There seems to be an increasing call for the United States to get more bang for its aid bucks — including money for food aid, says Megan Rowling of AlertNet.
The United States contributes about half of global food aid, but nongovernmental organizations argue the country’s policy of procuring cereals, pulses and vegetable oil from American corporations is not cost-effective. For one, the cost of transporting food overseas via U.S.-flagged ships eats up 60 percent of total U.S. assistance. And the time it takes for food to arrive? Three to six months.
Another problem with tied food aid is that not all of it goes to the hungry. As aid agencies need cash to fund their development programs, a “chunk” of the food is sold to local markets.
Aid groups are reportedly eyeing the extension of the U.S. Department of Agriculture Local and Regional Procurement project, a $60 million pilot project that allows aid agencies to buy food from recipient countries using U.S. aid money. An analysis of the five-year project showed local purchases, on average, arrived 60 percent faster than U.S. shipments. At least 50 percent in cost savings are achieved for cereals and some pulses.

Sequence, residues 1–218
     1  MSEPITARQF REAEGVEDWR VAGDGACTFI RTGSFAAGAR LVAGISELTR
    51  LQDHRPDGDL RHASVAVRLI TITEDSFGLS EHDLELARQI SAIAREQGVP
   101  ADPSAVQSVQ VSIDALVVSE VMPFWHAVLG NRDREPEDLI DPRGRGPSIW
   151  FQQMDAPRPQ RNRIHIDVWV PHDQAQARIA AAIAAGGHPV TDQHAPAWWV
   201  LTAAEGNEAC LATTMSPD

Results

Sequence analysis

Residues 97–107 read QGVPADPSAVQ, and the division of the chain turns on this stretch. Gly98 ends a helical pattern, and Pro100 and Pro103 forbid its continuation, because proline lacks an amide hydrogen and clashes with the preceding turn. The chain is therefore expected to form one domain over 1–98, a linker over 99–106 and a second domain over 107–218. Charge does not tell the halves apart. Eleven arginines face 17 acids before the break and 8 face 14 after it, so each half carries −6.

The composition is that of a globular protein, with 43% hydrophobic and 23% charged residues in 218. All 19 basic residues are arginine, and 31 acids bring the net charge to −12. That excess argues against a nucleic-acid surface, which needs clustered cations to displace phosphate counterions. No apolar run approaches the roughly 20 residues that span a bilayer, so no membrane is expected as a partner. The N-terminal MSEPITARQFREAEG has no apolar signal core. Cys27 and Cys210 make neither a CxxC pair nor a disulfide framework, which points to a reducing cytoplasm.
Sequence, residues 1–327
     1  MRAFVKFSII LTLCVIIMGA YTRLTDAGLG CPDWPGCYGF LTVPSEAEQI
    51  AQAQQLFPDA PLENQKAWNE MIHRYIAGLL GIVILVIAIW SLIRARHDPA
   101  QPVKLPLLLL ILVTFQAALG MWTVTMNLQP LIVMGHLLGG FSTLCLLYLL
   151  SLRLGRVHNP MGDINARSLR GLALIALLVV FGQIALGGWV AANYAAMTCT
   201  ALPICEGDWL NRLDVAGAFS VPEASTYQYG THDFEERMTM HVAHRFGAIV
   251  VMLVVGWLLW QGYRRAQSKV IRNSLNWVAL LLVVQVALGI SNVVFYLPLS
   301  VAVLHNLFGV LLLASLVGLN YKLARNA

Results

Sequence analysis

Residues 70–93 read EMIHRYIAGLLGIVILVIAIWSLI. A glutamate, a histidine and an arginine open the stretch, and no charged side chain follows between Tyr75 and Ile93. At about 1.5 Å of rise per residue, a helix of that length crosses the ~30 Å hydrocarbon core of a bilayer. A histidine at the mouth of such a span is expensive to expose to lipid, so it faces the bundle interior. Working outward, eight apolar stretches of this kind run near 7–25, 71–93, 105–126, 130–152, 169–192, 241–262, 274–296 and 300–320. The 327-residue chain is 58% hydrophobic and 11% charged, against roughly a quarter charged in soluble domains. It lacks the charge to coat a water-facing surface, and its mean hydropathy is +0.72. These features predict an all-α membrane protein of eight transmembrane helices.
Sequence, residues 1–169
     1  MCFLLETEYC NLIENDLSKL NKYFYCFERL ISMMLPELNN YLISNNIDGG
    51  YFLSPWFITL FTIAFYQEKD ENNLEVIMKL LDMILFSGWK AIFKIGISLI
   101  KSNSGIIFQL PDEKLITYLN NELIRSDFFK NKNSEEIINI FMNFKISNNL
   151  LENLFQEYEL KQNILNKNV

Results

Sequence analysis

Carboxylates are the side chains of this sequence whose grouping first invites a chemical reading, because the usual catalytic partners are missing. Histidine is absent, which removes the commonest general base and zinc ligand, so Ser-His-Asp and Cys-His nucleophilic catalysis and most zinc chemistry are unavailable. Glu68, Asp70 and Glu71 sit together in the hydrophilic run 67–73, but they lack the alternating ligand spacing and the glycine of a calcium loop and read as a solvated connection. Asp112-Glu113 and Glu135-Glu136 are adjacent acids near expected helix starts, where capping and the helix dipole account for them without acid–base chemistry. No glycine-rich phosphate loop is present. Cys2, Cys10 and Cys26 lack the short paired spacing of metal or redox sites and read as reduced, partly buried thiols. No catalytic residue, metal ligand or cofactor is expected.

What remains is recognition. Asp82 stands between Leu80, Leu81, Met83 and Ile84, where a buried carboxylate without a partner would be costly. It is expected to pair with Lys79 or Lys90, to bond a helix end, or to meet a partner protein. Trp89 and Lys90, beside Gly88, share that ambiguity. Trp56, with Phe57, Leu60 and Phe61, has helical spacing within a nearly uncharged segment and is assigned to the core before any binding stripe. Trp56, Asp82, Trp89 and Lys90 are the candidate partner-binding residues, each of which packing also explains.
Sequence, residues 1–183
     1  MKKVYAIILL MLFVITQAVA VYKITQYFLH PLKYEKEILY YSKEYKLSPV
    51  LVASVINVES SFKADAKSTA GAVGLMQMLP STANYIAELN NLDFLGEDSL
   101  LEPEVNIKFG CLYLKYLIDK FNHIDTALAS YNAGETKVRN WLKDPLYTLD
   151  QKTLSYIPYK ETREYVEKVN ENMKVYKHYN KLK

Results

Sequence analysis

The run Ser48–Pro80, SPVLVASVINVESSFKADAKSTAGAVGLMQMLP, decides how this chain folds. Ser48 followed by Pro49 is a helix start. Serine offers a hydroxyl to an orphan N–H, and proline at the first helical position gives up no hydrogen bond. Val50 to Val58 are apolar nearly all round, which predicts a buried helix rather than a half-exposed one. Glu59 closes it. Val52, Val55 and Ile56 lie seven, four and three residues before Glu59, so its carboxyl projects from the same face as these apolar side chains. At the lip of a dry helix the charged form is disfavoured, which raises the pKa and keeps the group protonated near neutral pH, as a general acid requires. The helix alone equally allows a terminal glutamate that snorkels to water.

But Rowling said if past attempts to untie food aid are anything to go by, this new effort is highly unlikely to materialize.
In 2005, the Bush administration tried to persuade Congress to let the U.S. Agency for International Development purchase a quarter of food aid locally. But as we now know, that attempt has come to naught.
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